Positive work, negative space

​I figured it out. Whilst reading The Way of Zen, the phrase which summarises my thoughts about the set up of my creative space revealed itself:

Positive work in negative space.

Negative space is the silence in a conversation. It’s the part of the canvas the artist left untouched. It’s the white that makes the black letters of a book readable. Without negative space, we wouldn’t see a thing.

When I see pictures of other people’s workplaces, studios and creative laboratories, I’m always struck by what they contain. Posters, quotes, paintings, trinkets, artifacts, colourful designs. They’re packed with inspiration, comforting material and cognitive cues. I see all of this, and then I look around my own space, the study. There’s almost no ornamentation. The bookcases, desk and cabinet are white and from Ikea. Aside from my books, some toys to fiddle with, a gorilla called Geoff, and two square canvases—one completely black, one completely white—my study is sparse. 

Now I know why. Positive work in negative space.

Molly gets annoyed at me when we watch TV or listen to the radio. If we watch TV, I mute the adverts. If we listen to the radio, I turn it off when the news comes on. I don’t want anyone or anything to manipulate or provoke me into feeling a certain way. It’s the same in the study. I don’t want inspiring quotes all over the place. I don’t want portraits of great men and women. I don’t want art that provokes me into thinking about certain things. I want as much negative space, as much emptiness as possible.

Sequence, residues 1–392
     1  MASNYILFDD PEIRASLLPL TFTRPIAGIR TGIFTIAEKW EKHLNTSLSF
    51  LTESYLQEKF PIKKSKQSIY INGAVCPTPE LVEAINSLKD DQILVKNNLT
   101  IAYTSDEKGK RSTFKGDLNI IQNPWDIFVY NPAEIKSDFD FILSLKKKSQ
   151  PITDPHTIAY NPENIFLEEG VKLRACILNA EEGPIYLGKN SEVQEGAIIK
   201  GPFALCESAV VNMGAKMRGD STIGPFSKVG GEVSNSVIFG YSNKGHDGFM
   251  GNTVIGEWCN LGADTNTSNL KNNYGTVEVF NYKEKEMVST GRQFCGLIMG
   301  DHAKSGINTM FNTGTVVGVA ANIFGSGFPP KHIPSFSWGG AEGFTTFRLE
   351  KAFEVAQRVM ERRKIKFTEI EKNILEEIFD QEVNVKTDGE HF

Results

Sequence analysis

That’s because I want to impose myself upon the room, not the reverse. I want the space to support whatever it is I’m feeling at whatever time—be it energetic, curious, joyful, sad, angry or confused. I want my creative space to form itself around me. To be a blank canvas on which my mood can exist and expand.

If I want to write something sad, I don’t want to be surrounded by happy memories. I want to inhabit the feeling of sadness in all it’s intensity. If I feel like procrastinating or exploring, I want to do those things with all my energy. If I feel like working my ass off, I don’t want cues that tells me to relax and chill. 

What does the blank canvas, the empty page, represent? More than anything it represents possibility. And that’s what a creative space should symbolise, should function as. A place where you can do whatever you want to do. That’s why I want my creative space to be empty; so I can paint whatever I feel compelled to.